Thus far, our reconfiguration of the FEEL-T1D protocol to be implemented remotely during the COVID-19 pandemic has been a success. The FEEL-T1D study will elucidate the dynamic relationships among blood glucose levels, emotional well-being, cognitive function, and participation in daily activities. In doing so, it will pave the way for innovative just-in-time interventions and produce actionable insights to facilitate tailoring of diabetes treatments to optimize the function and well-being of individuals with T1D.

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              A 36-item short-form (SF-36) was constructed to survey health status in the Medical Outcomes Study. The SF-36 was designed for use in clinical practice and research, health policy evaluations, and general population surveys. The SF-36 includes one multi-item scale that assesses eight health concepts: 1) limitations in physical activities because of health problems; 2) limitations in social activities because of physical or emotional problems; 3) limitations in usual role activities because of physical health problems; 4) bodily pain; 5) general mental health (psychological distress and well-being); 6) limitations in usual role activities because of emotional problems; 7) vitality (energy and fatigue); and 8) general health perceptions. The survey was constructed for self-administration by persons 14 years of age and older, and for administration by a trained interviewer in person or by telephone. The history of the development of the SF-36, the origin of specific items, and the logic underlying their selection are summarized. The content and features of the SF-36 are compared with the 20-item Medical Outcomes Study short-form.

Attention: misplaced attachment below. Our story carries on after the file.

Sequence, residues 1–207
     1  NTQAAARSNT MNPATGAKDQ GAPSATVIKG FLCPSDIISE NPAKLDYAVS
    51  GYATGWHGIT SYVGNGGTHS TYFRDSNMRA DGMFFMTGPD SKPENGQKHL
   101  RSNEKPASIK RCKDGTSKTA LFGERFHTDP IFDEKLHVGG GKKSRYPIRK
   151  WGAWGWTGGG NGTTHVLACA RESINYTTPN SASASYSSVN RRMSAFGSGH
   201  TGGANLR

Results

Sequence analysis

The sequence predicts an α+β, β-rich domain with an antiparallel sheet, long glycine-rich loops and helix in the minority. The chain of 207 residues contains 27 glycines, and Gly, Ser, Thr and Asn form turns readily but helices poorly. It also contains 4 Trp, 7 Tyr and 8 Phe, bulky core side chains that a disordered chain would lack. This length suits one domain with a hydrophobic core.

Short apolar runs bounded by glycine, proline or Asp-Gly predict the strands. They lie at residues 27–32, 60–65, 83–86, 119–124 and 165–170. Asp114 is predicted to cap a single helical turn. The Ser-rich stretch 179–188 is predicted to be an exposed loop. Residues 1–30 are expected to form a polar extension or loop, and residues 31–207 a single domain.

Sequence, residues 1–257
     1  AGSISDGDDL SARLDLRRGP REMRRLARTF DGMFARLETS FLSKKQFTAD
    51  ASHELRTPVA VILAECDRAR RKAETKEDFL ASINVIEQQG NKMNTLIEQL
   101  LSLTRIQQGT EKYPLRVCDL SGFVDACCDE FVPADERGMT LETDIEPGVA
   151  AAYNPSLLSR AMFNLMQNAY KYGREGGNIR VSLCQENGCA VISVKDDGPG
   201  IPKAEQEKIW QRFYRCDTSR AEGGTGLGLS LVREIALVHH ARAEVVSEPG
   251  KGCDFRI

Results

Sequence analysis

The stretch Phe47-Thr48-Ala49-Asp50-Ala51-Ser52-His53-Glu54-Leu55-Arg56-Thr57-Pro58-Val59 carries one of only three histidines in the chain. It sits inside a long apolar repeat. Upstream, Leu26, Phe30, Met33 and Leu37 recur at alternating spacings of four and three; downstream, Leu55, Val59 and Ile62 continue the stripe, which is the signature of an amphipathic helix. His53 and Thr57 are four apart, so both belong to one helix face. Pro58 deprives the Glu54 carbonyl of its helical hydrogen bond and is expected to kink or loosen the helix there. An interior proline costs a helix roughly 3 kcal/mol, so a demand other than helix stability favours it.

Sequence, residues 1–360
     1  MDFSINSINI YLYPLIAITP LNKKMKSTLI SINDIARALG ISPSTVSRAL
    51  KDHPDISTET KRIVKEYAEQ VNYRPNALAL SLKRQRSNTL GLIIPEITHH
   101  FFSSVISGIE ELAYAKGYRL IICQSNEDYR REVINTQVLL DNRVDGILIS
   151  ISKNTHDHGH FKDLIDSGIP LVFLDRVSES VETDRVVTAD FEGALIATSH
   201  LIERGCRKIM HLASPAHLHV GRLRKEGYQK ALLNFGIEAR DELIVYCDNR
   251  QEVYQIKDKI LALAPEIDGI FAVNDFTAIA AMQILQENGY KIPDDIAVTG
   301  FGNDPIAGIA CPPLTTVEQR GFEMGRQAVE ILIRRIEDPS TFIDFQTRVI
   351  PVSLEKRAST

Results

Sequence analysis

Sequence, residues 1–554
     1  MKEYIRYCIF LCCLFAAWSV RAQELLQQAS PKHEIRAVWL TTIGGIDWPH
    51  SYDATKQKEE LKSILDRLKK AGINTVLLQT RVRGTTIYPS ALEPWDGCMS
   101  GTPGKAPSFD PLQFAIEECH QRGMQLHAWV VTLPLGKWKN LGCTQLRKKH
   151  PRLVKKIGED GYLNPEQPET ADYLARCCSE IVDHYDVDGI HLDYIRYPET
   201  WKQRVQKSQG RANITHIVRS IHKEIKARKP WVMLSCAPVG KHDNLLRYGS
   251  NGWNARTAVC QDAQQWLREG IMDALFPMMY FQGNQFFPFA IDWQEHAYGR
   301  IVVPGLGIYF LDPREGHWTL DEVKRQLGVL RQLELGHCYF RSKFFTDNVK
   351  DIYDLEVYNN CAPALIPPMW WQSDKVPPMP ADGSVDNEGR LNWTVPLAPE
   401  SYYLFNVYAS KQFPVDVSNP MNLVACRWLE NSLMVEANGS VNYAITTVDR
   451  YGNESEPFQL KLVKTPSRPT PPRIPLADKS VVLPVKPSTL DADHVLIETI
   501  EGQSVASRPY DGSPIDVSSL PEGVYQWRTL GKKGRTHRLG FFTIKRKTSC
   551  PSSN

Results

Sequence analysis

Author and article information

                JMIR Res Protoc
                JMIR Res Protoc
                JMIR Research Protocols
                JMIR Publications (Toronto, Canada )
                October 2021
                22 October 2021
                22 October 2021
                : 10
                : 10
                : e30901
                [1 ] Chan Division of Occupational Science and Occupational Therapy University of Southern California Los Angeles, CA United States
                [2 ] Dornsife Center for Economic & Social Research University of Southern California Los Angeles, CA United States